The gameplay is very good too, but could be better. The open world allows you to go far, and with the five Italian towns/cities combined, the map is very big indeed. Controls are good enough (better than AC), although Ezio will sometimes do something you don't want him to do, or go in a direction you don't want him to go, simply because the controls and options are so complex that the magnetic style can go a bit haywire and glitchy. The fighting system is much improved in ACII, and is significantly easier to manage, and the same goes for other forms of combat. The Assassin's Creed series really likes to think it's a stealth series, but when you compare it to games such as Hitman and Splinter Cell, it really isn't. There is no incentive in ACII for you to carry out any of your missions stealthily, when 95% of them are completely attainable (and easy) running in with sword drawn. The stealth elements that the game offers include your hidden blade, concealing yourself within certain objects (haystacks, wells) and blending (making yourself 'invisible' essentially by hiding yourself in a crowd), the latter of which is a cool enough idea, but isn't executed quite as satisfactorily. Furthermore, the game just is a bit too easy. There's lots to do and it offers hours upon hours of gameplay, but whatever happened to difficult games? I use to struggle for hours on certain of my old PS2 games. It seems that in a way, thoughtful and tough gameplay has been traded for a more stunning, cinematic experience, which, depending on how you look at it, isn't the worst thing in the world. Overall, however, ACII offers thoroughly enjoyable gameplay and you will often find your controller stuck in your hands and eyes stuck on the TV.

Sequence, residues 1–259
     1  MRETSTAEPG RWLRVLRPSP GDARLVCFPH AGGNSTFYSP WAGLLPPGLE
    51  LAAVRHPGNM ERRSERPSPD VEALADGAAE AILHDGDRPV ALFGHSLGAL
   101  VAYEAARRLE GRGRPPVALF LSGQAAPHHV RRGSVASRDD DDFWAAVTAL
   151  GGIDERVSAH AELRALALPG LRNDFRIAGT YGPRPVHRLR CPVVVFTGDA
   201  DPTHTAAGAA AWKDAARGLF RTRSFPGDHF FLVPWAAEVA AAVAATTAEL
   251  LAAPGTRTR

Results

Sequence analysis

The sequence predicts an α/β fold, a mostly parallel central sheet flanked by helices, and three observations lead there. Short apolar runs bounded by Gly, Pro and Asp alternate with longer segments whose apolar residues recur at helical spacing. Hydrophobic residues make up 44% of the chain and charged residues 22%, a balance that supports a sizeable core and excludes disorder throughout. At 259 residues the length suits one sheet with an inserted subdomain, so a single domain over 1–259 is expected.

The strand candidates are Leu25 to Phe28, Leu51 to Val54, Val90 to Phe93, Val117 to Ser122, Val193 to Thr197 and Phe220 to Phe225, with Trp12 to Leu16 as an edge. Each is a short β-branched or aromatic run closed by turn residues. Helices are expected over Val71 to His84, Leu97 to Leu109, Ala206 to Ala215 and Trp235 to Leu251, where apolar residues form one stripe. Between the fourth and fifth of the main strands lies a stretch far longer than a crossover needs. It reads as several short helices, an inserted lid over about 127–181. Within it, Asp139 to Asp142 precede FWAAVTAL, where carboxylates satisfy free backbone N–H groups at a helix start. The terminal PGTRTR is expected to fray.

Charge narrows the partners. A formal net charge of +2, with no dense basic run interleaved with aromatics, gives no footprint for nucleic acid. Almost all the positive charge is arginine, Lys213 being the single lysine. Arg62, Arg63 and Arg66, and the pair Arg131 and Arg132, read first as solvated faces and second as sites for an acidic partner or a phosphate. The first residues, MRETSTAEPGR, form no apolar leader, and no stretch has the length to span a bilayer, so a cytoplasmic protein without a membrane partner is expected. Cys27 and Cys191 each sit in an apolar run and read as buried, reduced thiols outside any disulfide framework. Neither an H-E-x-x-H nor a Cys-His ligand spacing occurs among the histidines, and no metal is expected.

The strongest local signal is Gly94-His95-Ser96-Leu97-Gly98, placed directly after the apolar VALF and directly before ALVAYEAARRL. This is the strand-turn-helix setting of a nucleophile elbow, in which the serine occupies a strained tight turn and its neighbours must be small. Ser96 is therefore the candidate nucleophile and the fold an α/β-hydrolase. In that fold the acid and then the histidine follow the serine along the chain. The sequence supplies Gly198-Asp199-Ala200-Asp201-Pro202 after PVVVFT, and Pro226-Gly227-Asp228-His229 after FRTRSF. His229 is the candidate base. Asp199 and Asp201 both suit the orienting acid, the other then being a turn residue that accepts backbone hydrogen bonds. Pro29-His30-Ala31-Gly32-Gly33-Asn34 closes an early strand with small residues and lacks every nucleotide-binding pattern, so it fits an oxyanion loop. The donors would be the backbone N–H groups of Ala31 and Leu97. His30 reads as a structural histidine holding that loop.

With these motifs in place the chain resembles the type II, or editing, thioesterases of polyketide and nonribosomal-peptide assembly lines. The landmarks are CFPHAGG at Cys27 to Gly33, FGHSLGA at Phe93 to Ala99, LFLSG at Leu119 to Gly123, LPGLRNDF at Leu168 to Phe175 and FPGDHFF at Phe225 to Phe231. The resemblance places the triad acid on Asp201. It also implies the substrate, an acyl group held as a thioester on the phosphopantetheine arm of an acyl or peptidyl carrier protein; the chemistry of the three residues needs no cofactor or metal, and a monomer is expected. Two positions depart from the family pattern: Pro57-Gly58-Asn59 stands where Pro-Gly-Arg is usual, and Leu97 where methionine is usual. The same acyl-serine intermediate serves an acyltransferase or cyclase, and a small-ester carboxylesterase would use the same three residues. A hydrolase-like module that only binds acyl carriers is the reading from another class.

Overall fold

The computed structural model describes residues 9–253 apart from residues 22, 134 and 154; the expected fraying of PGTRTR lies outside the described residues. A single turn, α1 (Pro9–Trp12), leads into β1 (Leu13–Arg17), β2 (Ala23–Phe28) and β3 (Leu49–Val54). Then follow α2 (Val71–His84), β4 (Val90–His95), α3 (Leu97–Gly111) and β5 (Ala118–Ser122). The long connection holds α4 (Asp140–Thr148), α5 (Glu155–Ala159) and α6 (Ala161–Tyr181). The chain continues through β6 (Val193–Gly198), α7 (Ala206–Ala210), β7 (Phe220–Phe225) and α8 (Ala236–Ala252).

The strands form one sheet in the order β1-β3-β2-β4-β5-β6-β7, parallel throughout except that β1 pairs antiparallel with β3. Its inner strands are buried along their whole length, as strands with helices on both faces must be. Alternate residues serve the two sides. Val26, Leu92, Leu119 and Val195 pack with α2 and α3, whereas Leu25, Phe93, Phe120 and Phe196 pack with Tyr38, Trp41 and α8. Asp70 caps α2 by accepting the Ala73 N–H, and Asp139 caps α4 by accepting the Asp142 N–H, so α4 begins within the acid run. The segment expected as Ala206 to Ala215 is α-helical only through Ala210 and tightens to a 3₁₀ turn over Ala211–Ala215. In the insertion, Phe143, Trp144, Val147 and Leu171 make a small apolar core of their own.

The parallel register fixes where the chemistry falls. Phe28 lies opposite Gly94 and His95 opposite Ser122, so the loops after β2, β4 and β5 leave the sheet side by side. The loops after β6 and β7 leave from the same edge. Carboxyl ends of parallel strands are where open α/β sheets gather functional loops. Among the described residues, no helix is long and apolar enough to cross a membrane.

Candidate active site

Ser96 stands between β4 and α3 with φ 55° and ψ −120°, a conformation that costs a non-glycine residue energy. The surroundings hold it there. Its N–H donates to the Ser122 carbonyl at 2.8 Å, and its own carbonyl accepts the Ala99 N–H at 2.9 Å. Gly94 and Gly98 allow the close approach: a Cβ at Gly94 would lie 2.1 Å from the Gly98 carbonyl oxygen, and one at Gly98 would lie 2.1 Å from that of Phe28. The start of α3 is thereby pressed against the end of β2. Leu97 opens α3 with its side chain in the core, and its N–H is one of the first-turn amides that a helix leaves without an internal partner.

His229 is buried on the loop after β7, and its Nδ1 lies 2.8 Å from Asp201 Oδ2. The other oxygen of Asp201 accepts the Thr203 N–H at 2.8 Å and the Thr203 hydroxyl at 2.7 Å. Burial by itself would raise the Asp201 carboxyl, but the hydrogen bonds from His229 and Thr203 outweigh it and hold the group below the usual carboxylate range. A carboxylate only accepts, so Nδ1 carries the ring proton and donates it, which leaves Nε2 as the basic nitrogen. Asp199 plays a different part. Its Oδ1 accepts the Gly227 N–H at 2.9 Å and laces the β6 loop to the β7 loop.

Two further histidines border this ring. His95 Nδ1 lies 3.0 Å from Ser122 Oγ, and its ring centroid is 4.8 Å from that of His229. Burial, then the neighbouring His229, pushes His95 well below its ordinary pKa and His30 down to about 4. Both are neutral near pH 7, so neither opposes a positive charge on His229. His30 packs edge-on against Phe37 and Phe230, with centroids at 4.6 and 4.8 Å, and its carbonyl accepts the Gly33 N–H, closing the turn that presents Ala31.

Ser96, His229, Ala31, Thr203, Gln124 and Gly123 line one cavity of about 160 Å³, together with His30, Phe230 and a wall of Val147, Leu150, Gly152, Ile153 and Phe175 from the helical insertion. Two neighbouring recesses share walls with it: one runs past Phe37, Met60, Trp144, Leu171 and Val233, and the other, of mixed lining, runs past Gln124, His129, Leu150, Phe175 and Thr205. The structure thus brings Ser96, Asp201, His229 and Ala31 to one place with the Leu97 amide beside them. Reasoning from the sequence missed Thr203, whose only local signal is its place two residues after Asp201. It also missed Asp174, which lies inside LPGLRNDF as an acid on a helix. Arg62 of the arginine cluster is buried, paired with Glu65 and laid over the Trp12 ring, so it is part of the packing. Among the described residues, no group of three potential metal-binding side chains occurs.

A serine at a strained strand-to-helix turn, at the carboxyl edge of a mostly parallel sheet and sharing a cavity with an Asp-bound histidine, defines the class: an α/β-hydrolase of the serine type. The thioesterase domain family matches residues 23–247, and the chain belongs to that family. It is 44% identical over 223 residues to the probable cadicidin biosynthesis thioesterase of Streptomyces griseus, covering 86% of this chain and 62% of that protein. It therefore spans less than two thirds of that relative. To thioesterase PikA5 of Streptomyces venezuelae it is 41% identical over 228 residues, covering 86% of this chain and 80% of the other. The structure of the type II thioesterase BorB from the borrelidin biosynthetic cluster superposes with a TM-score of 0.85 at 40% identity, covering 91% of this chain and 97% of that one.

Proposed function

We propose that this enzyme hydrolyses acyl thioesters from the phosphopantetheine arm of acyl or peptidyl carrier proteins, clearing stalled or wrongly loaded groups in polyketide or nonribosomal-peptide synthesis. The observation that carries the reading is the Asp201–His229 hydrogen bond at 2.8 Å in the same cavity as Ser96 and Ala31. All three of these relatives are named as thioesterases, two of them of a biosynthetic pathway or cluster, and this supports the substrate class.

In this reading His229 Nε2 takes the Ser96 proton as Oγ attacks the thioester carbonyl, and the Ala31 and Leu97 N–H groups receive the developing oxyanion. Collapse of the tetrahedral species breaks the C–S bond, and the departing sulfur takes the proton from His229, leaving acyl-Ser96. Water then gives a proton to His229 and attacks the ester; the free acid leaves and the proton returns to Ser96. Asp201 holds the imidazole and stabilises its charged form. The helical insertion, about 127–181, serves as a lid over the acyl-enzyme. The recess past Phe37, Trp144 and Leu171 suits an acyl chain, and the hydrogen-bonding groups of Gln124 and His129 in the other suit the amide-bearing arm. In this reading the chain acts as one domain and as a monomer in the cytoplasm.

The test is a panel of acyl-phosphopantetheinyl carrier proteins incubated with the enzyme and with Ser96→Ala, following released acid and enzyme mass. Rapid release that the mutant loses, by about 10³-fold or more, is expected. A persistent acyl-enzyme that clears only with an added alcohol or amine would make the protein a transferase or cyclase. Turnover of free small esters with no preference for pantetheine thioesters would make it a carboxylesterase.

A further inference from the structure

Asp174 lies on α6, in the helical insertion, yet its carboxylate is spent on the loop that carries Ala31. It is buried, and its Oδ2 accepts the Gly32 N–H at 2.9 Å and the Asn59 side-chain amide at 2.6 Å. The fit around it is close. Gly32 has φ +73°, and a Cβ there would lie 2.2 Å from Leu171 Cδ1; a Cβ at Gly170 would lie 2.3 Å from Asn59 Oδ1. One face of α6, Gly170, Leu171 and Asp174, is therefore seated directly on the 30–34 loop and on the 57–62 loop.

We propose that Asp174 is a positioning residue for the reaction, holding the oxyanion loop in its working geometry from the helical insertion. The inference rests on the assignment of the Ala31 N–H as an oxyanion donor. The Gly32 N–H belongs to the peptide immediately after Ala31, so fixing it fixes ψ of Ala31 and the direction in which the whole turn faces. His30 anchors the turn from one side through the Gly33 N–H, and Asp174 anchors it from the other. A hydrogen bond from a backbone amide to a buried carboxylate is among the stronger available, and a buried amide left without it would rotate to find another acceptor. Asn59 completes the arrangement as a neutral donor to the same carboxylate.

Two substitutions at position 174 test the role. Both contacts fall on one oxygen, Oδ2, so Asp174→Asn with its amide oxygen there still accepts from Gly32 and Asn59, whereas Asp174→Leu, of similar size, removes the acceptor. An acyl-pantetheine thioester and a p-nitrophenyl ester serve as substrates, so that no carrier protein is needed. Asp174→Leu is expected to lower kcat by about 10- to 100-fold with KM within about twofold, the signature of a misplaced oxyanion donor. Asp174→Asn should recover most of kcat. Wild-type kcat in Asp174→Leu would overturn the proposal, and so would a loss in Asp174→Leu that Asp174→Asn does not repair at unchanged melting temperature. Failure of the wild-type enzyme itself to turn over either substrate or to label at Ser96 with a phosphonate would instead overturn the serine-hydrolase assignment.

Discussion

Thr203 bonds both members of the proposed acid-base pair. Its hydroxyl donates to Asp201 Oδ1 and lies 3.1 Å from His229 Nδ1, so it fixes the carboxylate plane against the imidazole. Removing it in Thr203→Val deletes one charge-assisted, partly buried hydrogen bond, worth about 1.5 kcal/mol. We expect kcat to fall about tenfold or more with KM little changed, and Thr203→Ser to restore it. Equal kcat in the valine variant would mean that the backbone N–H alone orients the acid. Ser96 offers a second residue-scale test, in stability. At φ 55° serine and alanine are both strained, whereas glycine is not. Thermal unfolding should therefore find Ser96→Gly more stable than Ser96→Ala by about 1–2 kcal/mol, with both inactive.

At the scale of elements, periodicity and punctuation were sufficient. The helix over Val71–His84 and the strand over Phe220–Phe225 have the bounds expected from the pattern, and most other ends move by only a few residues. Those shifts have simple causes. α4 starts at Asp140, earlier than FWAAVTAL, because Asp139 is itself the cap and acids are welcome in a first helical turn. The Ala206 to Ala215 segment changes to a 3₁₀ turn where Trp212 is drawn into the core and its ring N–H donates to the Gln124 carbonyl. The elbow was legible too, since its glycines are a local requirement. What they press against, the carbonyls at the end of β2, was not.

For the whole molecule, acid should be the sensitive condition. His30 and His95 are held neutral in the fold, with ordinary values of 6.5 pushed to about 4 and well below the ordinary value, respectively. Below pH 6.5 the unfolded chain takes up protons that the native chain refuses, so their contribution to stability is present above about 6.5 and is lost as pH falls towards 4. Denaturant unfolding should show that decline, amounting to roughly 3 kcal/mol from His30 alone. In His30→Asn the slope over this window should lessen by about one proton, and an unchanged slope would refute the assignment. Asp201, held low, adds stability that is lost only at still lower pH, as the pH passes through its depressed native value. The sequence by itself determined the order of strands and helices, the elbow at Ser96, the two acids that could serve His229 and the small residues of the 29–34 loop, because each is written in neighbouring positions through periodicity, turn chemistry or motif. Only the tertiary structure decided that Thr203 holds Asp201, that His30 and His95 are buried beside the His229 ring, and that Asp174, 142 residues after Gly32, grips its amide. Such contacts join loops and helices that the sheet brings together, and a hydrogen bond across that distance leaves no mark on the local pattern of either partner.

The experience of playing is helped along the way by the visuals and sound. Like AC, the game thrives on delivering beautiful landscapes and stunning views. One of the main points of the game (though the value of this feature isn't as prominent as in AC) is the 'synchronization', where the player is required to climb up the outside of a tower to reach the top and take in his surroundings, so that the map and HUD (heads-up display) offers more information in the area. And when you're on top of said tower, it's sometimes very nice to just chill up there for a bit - Ubisoft Montreal have put a lot of effort in to making some great visuals, and the graphics engine for the game is superb. It really makes for more enjoyable gameplay. Meanwhile, Jesper Kyd's score is fantastic for ACII. With far more character than AC, the score blends modern scientific sounds with Classical/Renaissance ideas, and the track 'Ezio's Family' is a particular favourite of fans, though mine is 'Leonardo's Inventions, pt. 1'. Jesper Kyd has such a distinctive and unique sound that he ultimately provides a lot towards the Assassin's Creed experience. It's some of his best work yet, and truly improves gameplay. Also worth noting is his influence of Zimmer's 'Angels and Demons', a film, as previously mentioned, with story and style very similar to ACII. Also worth mentioning is the great SFX that accompanies the game, from the horse gallops to the sword fights, and also the superior voice acting, whether the dialogue itself is cheesy or not.
The Assassin's Creed series is on the rise with Assassin's Creed II. Ubisoft Montreal have done themselves proud by building on the ground-breaking but flawed Assassin's Creed, but there is still a way to go. I've played the next two games, and although the stealth elements never even come close to the likes of Hitman and Splinter Cell, other areas improve. But ACII is a very important to the gaming world and your shelf isn't complete without it. It's thoroughly enjoyable and offers many hours of gameplay and a great cinematic experience; it is just let down by certain, important aspects.
Summary: Assassin's Creed on the up